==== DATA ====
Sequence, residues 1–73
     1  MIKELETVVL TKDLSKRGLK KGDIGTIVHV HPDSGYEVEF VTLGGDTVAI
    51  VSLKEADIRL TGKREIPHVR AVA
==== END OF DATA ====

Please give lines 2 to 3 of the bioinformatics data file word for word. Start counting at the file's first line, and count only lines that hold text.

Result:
     1  MIKELETVVL TKDLSKRGLK KGDIGTIVHV HPDSGYEVEF VTLGGDTVAI
    51  VSLKEADIRL TGKREIPHVR AVA